Beer is a fermented beverage with a relatively low (or no) alcohol percentage, whose natural ingredients contain small amounts of valuable nutrients, minerals and vitamins.
The best way to look after your heart is to follow a healthy diet and lifestyle. For healthy adults, moderate beer consumption can be part of this balanced way of living.
Beer has been a staple part of European diets for thousands of years, and through the ages it has become deeply ingrained in our traditions and culture.
9th European Beer and Health Symposium
24th September 2019, Brussels
Do you want to find out and discuss the latest insights regarding the health effects of moderate alcohol/beer consumption? Registration for the 9th European Beer and Health Symposium is now open! The symposium will take place on Tuesday the 24th of September 2019 in the heart of Brussels.
Some experts recommend people to abstain from alcohol around the time of their Covid-19 vaccination. They argue that alcohol consumption lowers the immune response. Scientific literature shows that excessive alcohol consumption does indeed lower the immune response, which supports the advice to avoid excessive drinking in general, especially around the time of vaccination. However, low alcohol consumption does not seem to have a negative effect on the immune system. Moderation, also around the time of COVID-19 vaccination, remains key.
For the very first time, the Beer and Health Initiative offers a Publication Award of €1,000 for the best, most remarkable publication of the year focusing on moderate beer (or alcohol) consumption. Deadline of application is 31 March 2021.
Heavy alcohol consumption is associated with hypertension. Does that mean lowering alcohol consumption can help decrease blood pressure? A recent Cochrane review looked at all the randomized controlled trials on this topic, but only found one that was of sufficient quality. The authors conclude that lowering alcohol consumption has no significant effect on blood pressure. However, the evidence is of very low quality because the results are only based on one study.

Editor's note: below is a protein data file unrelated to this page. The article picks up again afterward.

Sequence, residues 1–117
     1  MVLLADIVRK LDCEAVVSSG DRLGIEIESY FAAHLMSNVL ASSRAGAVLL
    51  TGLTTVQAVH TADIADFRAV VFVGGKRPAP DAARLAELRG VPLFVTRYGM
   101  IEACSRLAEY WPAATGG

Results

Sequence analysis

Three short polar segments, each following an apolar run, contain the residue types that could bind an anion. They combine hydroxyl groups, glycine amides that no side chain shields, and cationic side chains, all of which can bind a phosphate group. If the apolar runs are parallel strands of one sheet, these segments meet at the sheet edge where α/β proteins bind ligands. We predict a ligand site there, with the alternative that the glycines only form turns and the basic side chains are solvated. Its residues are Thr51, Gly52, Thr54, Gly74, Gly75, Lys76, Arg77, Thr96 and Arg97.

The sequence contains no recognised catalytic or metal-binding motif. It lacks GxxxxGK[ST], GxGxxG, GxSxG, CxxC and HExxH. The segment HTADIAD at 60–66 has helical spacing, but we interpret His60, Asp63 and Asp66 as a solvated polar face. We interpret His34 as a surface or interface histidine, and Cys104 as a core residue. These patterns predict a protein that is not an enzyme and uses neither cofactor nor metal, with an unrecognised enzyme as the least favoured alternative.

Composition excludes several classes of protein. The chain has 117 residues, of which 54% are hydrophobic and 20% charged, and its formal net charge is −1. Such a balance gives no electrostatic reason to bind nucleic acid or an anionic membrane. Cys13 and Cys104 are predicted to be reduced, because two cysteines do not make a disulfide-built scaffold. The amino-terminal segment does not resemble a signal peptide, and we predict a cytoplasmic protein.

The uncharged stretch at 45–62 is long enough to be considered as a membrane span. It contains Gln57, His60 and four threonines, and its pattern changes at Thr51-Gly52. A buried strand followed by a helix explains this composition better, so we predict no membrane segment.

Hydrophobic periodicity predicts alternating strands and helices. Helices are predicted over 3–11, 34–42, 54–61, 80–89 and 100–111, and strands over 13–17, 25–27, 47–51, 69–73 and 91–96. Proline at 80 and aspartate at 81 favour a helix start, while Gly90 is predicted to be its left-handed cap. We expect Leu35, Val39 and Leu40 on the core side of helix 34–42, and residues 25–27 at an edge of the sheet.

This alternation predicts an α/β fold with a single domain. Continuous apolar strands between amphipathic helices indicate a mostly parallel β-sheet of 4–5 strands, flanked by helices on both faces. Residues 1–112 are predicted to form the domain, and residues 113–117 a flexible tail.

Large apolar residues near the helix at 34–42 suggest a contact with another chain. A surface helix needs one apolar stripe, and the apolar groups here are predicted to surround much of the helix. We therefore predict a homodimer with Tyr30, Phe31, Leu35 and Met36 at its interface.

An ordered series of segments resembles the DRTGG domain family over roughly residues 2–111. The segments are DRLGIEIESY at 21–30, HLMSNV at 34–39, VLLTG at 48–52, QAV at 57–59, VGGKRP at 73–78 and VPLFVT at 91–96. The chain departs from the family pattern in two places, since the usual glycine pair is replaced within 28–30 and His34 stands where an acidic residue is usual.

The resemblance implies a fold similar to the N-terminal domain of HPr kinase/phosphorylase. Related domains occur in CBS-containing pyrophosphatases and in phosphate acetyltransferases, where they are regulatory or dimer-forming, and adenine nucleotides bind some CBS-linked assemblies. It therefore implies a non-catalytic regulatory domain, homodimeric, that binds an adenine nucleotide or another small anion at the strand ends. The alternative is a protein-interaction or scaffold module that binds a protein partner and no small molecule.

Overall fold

Alcohol is classified as a carcinogen, which means it can cause cancer. An increased risk to develop cancer is mostly found with heavy alcohol consumption. It is less known what the effect of low alcohol consumption is. That is why a recently published review article looked at the evidence of existing meta-analyses on the matter. The authors conclude that there is no association between drinking less than one drink a day and cancer, except for an increased risk of breast cancer, prostate cancer and melanoma. However, experts are critical about the current study.
A recently published meta-analysis finds an increased risk to develop esophageal cancer with alcohol consumption, starting from one glass a day. This confirms previous research. The increased risk is mostly due to a particular subtype of cancer, called esophageal squamous cell cancer. The association was present for each beverage type and both genders.
Extensive Cochrane review explores relationship between alcohol consumption and short-term changes in blood pressure and heart rate
A recently published Cochrane review explores how various levels of alcohol consumption affect blood pressure and heart rate on the short term. Results show that within hours, a low amount of alcohol does not affect blood pressure, but a moderate amount of alcohol lowers blood pressure. Both low and moderate amounts slightly increase heart rate on the short-term.
Beer and Health Moderate Consumption as Part of a Healthy Lifestyle 5th Edition 2016 Click here to download the publication.
About Beer and Health
Beer and Health gathers and presents the latest scientific research on the link between moderate beer consumption and health. And it builds upon a long tradition of experts coming together at the European Beer and Health Symposium, which has been organised practically every two or three years since 1999.